The challenges they have experienced have been collecting the kinds of disaggregated data pertaining to all three sectors that would allow them to further their research and improve their reports. The major hurdle in rolling out this infrastructure is sourcing the technical skills required to build the information system as well as knowledge management. The content of this knowledge hub is within the DWYPD domain, but the technical skills are still lacking. None of the research and knowledge management unit staff are specialised knowledge managers.
Ms Reddy agreed with Ms Christians that the research and knowledge management unit is understaffed for the wide scope of what it is designed to do. The unit receives between R1.4 million and R1.8 million. This is a minimal amount for both research responsibilities and the knowledge hub and so the approach taken from 2019 was the concept of a gender-focused knowledge hub. However, in 2020 it was decided that the youth and persons with disabilities must be considered too so that the knowledge hub is representative of DWYPD focuses. This was done in partnership with the University of Johannesburg due to its existing skills and work with the Department of Planning, Monitoring and Evaluation.
Due to budget limitations, DWYPD was unable to achieve a knowledge hub within one year and so the decision was taken to take a phased approach to creating a knowledge hub and to allocate the rest of the budget towards research and other work. In 2021 the knowledge hub’s technical design was started, and the ICT process and the fields on the website and how they would be populated. In 2022 the rollout is set to begin with a pilot programme where only certain fields are launched, and as the finances and management skills continue to grow so will the hub.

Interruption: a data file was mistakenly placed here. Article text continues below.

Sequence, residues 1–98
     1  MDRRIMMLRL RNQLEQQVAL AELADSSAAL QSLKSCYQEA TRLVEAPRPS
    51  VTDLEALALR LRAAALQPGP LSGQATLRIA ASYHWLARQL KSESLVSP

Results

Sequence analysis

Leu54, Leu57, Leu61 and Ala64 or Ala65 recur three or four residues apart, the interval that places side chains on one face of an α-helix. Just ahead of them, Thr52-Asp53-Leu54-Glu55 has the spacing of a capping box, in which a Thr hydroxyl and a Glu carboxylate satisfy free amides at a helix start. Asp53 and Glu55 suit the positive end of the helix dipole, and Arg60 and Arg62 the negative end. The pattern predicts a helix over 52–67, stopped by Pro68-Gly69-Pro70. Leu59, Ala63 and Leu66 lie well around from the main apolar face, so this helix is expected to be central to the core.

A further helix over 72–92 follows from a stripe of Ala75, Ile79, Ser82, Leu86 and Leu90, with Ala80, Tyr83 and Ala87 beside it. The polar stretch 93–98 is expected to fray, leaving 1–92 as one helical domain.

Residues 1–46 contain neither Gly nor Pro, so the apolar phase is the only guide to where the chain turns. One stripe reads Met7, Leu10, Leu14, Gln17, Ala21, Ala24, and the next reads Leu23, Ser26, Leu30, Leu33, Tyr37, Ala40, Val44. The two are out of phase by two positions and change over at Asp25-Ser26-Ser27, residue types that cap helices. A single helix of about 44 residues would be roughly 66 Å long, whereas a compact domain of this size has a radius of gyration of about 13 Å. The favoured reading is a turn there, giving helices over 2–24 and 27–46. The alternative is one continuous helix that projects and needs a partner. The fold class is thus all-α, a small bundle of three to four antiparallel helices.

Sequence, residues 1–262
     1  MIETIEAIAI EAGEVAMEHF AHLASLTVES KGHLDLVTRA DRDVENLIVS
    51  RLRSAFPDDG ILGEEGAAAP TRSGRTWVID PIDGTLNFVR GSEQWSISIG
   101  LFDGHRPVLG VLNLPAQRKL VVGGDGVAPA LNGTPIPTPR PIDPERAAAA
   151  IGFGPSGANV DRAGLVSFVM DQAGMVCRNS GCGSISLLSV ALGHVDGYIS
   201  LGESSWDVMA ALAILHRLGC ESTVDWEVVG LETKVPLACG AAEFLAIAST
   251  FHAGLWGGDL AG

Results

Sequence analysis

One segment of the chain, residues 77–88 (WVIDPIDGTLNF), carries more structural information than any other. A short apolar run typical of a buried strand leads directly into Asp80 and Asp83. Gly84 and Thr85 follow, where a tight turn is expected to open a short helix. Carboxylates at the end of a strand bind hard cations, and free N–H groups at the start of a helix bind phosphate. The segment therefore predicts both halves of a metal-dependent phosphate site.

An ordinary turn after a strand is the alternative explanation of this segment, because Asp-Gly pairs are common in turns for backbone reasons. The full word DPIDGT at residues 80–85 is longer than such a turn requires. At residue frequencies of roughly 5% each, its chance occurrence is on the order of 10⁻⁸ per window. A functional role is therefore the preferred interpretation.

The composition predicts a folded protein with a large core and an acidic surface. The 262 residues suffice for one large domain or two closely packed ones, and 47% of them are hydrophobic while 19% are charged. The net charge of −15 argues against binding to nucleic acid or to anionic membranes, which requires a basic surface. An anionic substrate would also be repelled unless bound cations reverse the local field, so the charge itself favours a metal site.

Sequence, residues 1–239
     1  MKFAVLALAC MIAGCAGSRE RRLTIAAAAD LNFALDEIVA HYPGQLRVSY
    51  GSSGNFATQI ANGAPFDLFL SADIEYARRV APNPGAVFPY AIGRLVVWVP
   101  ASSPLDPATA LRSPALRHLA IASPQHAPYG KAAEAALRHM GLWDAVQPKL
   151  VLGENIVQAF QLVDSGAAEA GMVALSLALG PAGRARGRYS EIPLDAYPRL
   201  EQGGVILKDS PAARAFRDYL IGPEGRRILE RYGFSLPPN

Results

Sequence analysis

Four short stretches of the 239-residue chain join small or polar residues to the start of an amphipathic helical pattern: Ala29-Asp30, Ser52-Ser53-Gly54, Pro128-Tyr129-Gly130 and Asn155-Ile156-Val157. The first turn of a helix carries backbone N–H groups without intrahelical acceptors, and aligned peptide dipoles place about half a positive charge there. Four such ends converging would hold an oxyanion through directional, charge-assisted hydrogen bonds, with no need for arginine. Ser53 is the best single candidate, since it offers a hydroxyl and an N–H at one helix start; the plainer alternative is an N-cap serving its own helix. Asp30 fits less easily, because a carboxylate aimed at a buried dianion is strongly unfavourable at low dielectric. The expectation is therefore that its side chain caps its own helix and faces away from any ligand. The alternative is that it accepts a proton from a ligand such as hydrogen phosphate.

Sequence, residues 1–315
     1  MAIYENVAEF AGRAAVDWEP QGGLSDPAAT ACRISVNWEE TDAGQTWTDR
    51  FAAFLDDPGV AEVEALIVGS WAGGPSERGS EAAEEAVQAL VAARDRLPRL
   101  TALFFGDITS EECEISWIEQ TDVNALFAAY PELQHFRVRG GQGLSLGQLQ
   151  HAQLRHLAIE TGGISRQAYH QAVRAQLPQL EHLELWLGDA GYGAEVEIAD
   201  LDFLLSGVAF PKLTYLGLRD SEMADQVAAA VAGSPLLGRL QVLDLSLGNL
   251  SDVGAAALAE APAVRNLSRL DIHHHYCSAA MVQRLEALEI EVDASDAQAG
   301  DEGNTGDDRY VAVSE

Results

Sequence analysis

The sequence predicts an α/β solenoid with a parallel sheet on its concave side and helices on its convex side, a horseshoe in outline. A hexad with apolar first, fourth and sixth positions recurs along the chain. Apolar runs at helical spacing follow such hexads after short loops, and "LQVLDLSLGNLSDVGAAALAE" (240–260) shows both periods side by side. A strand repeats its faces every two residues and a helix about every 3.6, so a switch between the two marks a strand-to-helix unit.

Ms Val Mathobela responded about the combination of the Youth Development and People with Disabilities programmes. The programmes were combined as a response to guidelines on the development of the programme structure which were issued to government departments in consultation with the National Treasury. It was advised that it reduce the structure from five to four programmes. DWYPD had historically had four programmes before the transfer of the Youth Development and People with Disabilities programmes to it. In executing the mandate, this change will not affect DWYPD’s ability to continue its work.
Unfortunately, during Ms Mathobela’s response, her connection failed. Minister Nkoana-Mashabane was not on hand to take over as she had left for another engagement, so the Department's responses had to be concluded early.
The Chairperson requested a Department report on the distribution plan for sanitary towels and how the nine provinces had distributed them thus far.
The meeting was adjourned
Gillion, Ms M
Bara, Mr M R
Christians, Ms DC
Lehihi, Ms SB
Maleka, Ms AD
Nchabeleng, Mr ME
Ndongeni, Ms N
Nkoana-Mashabane, Ms ME
Ntsube, Mr I